New Medieval Books: From Manuscripts to Cathedrals

Five new books about the Middle Ages that will take you to Italy, Germany and the Netherlands.

The Cathedrals of Pisa, Siena and Florence: A Thorough Study of Medieval Building Techniques

By Pietro Matracchi and Luca Giorgi

CRC press
ISBN; 978-1-032-01920-8

Moving out: At the time they were built, there was no supposed original design that would have provided all the necessary information; Rather, the main decisions about the selection and manufacture of the materials and constructive solutions were made on the construction site itself. Furthermore, decisions about the architectural style to be created were often made incrementally during the execution phases, often showing a willingness to make changes capable of challenging earlier decisions. The construction site was a place where architectural experiments took place.

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The political message of the shrine of St. Heribert of Cologne: church and empire after the Investiture Controversy

By Carolyn M Carty

ARC Humanities Press

Overview: This is the first book in English devoted exclusively to one of the most important reliquary shrines of the Maasan Rhineland, the Heribert shrine. Carolyn M. Carty examines how liturgy, history, politics and geography, following the Investiture Controversy between the Church and the Holy Roman Empire, interact to influence the creation and message of a work of art. She argues that the Heribert Shrine’s images and inscriptions support the supremacy of the church over the state, with corresponding implications for the intended viewers of the shrine.

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Embodying the Soul: Medicine and Religion in Carolingian Europe

By MegLeja

University of Pennsylvania Press
ISBN: 9780812253894

Excerpt: Hair removal was serious business in the Carolingian era. Even the assumption of the title “King of the Franks” from the long-established Merovingian family was symbolically connected with a haircut. In 751, the last Merovingian king was deposed, shaved and tortured, and committed to a monastery – the “long-haired” kings, whose tresses are imbued with a mysterious power, we are relegated to the past. The new Carolingian dynasty would favor a close-cropped hairstyle with a long mustache, as endorsed by the famous Charlemagne.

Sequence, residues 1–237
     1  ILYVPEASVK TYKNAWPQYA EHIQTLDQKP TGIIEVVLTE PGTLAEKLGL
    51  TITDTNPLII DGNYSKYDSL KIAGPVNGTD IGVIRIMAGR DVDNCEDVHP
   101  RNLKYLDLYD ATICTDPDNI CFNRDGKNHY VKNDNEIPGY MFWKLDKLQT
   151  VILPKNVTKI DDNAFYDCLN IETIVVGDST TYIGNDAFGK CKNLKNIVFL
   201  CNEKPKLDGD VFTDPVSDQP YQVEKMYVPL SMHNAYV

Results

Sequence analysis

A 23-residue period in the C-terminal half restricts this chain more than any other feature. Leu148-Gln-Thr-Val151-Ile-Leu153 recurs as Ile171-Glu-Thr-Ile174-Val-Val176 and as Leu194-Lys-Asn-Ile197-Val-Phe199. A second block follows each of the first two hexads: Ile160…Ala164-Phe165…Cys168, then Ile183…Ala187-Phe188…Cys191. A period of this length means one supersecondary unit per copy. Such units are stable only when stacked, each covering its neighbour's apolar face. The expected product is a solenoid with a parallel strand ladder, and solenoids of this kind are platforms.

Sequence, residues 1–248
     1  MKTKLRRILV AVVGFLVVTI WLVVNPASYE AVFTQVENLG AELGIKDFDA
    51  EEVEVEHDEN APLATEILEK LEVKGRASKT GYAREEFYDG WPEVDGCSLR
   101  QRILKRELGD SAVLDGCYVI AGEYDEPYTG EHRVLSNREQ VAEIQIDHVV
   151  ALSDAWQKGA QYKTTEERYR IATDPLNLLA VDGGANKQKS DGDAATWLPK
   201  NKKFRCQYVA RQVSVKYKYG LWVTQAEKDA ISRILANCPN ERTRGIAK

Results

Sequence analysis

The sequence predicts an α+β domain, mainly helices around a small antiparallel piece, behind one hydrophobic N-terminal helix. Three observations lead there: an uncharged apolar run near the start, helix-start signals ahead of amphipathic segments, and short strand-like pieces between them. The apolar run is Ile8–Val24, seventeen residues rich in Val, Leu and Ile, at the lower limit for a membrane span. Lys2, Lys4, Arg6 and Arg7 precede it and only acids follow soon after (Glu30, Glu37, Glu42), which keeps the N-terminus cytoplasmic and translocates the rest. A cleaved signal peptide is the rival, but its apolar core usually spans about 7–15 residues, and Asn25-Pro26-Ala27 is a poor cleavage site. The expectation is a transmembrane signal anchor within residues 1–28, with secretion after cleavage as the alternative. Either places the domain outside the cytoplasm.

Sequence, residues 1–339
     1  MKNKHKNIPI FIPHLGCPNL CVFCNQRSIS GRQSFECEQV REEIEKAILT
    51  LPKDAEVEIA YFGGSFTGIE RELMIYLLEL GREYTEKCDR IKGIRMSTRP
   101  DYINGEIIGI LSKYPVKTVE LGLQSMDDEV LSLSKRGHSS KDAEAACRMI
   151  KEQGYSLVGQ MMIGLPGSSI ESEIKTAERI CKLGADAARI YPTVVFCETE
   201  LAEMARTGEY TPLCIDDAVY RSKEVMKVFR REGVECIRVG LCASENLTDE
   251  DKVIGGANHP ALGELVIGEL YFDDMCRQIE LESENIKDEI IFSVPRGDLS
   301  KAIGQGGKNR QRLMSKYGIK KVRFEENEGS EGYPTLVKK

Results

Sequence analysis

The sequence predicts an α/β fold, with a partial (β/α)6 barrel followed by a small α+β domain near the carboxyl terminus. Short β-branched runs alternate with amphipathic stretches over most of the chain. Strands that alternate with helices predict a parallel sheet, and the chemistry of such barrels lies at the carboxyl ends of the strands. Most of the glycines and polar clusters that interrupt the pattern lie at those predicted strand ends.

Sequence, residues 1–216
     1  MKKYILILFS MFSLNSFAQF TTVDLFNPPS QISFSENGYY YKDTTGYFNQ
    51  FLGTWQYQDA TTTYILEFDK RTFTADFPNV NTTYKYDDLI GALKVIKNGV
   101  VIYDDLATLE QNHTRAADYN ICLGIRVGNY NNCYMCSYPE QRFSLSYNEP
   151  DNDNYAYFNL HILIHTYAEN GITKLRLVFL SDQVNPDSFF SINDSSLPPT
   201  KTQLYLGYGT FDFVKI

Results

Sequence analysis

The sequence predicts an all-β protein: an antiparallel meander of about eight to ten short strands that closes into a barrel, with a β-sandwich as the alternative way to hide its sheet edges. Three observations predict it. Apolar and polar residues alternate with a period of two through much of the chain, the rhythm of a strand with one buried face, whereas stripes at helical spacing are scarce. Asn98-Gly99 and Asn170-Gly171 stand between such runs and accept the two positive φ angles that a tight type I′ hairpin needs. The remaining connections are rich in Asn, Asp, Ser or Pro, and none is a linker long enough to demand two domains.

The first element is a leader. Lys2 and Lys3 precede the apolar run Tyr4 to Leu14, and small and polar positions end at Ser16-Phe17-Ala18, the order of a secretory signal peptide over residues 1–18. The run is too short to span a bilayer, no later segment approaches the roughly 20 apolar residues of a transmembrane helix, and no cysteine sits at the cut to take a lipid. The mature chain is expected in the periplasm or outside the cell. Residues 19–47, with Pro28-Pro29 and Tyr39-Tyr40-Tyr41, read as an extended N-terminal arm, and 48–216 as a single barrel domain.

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Community, urban health, and the environment in the late medieval Netherlands

By Janna Coomans

Cambridge University Press
ISBN: 978-1-108-83177-2

Excerpt: Health and hygienic conditions are topics where “Middle Ages” is still regularly used as a mobile pejorative term. A better understanding of public health during the reporting period also helps move forward in these discussions. We therefore study them in their own terms, from an emic perspective, as opposed to an etic perspective that projects contemporary definitions and methods of studying public health back in time and evaluates societies’ prophylactic practices accordingly. In doing so, it becomes clear that pre-modern notions of community well-being differ in fascinating ways from their modern counterparts, from which many lessons can be drawn.

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Manuscripts in the Anglo-Saxon Kingdoms: Cultures and Connections

By Claire Breay and Joanna Story

Four Courts Press
ISBN: 978-1-84682-866-9

Excerpt: Public narratives sometimes project backward socio-political structures and forms of government that are better documented in later periods. Since ‘England’ as a territorial entity did not exist, either formally or conceptually, before the middle decades of the 10th century, one aim of the exhibition was to trace the fate of earlier kingdoms and to explain the steps towards the emergence of a single kingdom, as documented and remembered in the written ones Sources surviving from the later part of the period. The essays contained here reflect the broad chronological, thematic and geographical spectrum of the exhibition itself and report on the results of new research in a large number of handwritten testimonies.

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